Learning New Ways of Learning | The Ismaili Canada

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Learning New Ways of Learning

From SIM cards to storytime on TV, the Aga Khan Development Network is finding new and innovative ways to ensure students keep learning during the pandemic

Aga Khan Foundation Canada
Published October 23, 2021
Chanze, a farmer in Kwale County, Kenya, reviews his children's homework in front of their home before they go to school. Photo: Mohamed Altoum/AKFC

From pre-primary through to post-secondary, UNESCO estimates that school closures impacted 1.5 billion students in April 2020, accounting for 90 percent of the world’s learners. While many have since returned to class, the pandemic continues to affect the education of millions of students. 

These closures disproportionately affect girls and women, who may be more exposed to COVID-19 as caregivers within the home who are primarily responsible for duties such as tending to the ill. They may also be overburdened by household chores and face increased domestic violence, making it difficult to continue learning at a distance.

Despite these grim facts, the pandemic has presented new ways of thinking about education and how to ensure that everyone has access (a challenge that existed even before COVID-19). 

“The fact that schools are closed or virtual in some cases is very concerning to us. We are seeing, though … real innovations,” says Sweta Shah, Aga Khan Foundation’s (AKF) global lead for early child development.

While many Canadians turned to their Wi-Fi to keep learning and working during COVID-19, personal internet connections are out of reach for many living in Africa and Asia.

A preschool student who attends a school run by Aga khan Education Services in India practices numbers at home. Photo: AKES
Teachers deliver books door-to-door as part of the Drop Everything And Read (DEAR) program in the Gilgit-Baltistan and Chitral regions of Pakistan. Photo: AKES

“We had to look at places where there was no connectivity or minimal connectivity and that's where the innovation was quite significant,” says Nimet Rener, the director of Aga Khan Education Services (AKES). In Afghanistan, AKES gave SIM cards to teachers and families, so that they could connect over the phone. Packages of teaching materials for parents to use with their children were made for those who had no connectivity at all, and teachers volunteered to deliver these packages to households. 

“We've had staff walking miles to get these packs to families. All this interaction has meant that we were also able to communicate health messages around COVID,” says Rener.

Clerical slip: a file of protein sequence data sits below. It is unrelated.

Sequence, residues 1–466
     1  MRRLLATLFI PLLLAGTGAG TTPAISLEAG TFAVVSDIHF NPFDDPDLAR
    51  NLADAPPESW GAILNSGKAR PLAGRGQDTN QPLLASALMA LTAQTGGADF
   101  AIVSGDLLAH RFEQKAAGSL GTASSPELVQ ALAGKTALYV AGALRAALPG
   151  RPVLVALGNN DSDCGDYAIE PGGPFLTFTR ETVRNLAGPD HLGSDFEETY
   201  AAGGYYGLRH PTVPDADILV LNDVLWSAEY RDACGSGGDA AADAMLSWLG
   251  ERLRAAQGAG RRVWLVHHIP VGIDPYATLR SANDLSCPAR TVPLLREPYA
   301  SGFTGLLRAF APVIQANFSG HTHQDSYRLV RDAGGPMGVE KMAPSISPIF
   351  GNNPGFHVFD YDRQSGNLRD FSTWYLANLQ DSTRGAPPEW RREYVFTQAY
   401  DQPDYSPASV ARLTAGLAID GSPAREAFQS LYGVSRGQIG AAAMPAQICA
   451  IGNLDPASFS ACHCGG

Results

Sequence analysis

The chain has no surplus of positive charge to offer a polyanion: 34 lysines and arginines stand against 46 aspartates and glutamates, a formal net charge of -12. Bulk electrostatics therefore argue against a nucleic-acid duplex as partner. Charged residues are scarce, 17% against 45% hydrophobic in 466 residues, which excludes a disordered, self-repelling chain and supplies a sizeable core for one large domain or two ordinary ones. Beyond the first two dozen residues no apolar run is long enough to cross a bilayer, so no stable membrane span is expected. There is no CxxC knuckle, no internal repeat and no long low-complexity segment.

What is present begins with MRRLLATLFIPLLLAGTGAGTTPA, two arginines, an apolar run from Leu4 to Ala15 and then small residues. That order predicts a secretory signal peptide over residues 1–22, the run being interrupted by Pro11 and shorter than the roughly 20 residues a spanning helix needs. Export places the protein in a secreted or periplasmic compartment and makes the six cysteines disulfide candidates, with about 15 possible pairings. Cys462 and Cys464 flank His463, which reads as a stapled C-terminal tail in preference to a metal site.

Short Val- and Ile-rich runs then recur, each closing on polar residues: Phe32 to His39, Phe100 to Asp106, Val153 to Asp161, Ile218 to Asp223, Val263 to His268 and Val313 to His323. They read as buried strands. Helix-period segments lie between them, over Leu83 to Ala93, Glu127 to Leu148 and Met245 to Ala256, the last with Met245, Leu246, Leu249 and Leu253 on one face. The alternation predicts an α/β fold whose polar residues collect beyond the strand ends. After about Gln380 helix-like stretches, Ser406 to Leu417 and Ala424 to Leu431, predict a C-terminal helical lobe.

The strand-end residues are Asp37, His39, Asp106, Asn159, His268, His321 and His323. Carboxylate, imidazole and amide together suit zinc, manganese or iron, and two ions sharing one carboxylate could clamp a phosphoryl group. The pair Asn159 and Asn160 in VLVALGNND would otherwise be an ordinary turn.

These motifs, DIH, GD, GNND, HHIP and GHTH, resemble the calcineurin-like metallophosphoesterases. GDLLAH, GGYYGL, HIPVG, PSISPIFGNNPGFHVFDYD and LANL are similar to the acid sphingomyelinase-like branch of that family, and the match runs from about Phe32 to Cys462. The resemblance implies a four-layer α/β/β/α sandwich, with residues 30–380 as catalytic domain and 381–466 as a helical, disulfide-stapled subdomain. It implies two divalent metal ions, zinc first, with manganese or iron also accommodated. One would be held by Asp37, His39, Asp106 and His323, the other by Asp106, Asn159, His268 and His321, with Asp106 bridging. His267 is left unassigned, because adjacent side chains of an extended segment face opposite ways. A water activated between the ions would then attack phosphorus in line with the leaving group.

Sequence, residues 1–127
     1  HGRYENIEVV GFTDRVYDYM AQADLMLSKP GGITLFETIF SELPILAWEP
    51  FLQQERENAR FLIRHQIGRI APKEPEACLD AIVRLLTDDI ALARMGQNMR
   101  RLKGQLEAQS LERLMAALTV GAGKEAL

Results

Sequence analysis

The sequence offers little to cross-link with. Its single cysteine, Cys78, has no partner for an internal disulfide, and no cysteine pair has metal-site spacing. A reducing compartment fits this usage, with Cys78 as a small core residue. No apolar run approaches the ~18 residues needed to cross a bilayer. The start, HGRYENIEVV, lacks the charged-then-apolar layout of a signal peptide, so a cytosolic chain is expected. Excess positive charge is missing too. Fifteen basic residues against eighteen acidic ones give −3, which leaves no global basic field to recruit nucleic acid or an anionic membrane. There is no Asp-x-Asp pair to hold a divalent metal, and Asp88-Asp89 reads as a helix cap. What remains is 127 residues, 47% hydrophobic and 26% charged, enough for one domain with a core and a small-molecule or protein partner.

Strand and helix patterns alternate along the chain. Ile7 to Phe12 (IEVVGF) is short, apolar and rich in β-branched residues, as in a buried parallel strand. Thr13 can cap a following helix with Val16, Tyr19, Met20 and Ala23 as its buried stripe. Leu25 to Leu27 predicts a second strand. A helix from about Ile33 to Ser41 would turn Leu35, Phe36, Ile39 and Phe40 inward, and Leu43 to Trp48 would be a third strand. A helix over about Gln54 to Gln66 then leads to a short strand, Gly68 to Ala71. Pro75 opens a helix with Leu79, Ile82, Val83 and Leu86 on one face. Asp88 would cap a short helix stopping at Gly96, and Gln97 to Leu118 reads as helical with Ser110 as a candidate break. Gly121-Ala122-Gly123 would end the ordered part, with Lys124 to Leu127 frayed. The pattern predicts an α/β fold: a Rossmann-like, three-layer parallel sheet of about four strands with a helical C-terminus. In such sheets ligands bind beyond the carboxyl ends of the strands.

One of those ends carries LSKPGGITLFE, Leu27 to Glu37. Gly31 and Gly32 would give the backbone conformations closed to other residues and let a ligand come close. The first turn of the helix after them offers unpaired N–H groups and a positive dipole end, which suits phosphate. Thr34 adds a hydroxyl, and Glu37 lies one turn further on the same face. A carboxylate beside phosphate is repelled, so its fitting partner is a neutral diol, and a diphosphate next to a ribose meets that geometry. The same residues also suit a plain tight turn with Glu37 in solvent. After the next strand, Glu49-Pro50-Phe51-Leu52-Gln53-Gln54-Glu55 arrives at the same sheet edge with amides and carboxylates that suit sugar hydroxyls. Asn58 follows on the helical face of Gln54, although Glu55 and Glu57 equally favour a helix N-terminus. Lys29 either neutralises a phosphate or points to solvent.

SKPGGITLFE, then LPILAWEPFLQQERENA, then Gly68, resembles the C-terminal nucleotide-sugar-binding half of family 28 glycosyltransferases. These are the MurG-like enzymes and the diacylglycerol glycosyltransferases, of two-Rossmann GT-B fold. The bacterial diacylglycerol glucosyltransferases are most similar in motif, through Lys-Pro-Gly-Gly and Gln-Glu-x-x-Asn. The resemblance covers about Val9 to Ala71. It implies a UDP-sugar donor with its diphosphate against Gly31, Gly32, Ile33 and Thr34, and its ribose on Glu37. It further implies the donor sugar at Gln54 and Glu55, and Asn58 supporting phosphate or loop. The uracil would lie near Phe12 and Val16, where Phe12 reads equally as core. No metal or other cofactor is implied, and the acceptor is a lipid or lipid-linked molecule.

Working at the household level has also created an opportunity to deliver messages about gender equality and the importance of girls’ education directly to parents. For instance, learning materials use examples and pictures that challenge harmful gender norms, such as the notion that girls should take on a greater share of the household work than boys.

The Aga Khan Development Network (AKDN) has also partnered with local media to reach households. In Kenya, AKF animated and filmed a series of short videos drawn from storybooks with support from Aga Khan Foundation Canada, the Government of Canada and the LEGO Foundation.  Called “Night-Time Tales”, the series was broadcast on national television to encourage a passion for books and reading in kids.

In Tanzania, the AKDN has supported radio programs that focus on literacy and numeracy skills. These radio spots, usually 15 minutes or shorter, lead families through activities to practice these skills at home. 

“We've done some surveys in Tanzania to look at the impact of this, and we've been really excited to hear that parents are engaging with their children more,” says Shah. “Some of the activities that they hear about on radio, they're actually continuing to practice with their kids at home.”

Asia Mwahaga winds up the day by marking the school work of her students, Matuga, Kwale Country, Kenya. Photo: AKF
Khairat, a teacher in Kenya, develops materials for an online lesson with her preschool class. Photo: AKDN

She adds that this is an unforeseen benefit to the pandemic that could contribute to better education results over the long term.

“We promote parents as the first and most important teachers for their children,” says Shah. “Parents are learning through this process about their own role, and [it is] empowering them to really be in the driver's seat with their children's education.”

Learn more about AKDN education programs supported by Canadians at akfc.ca/focus/education

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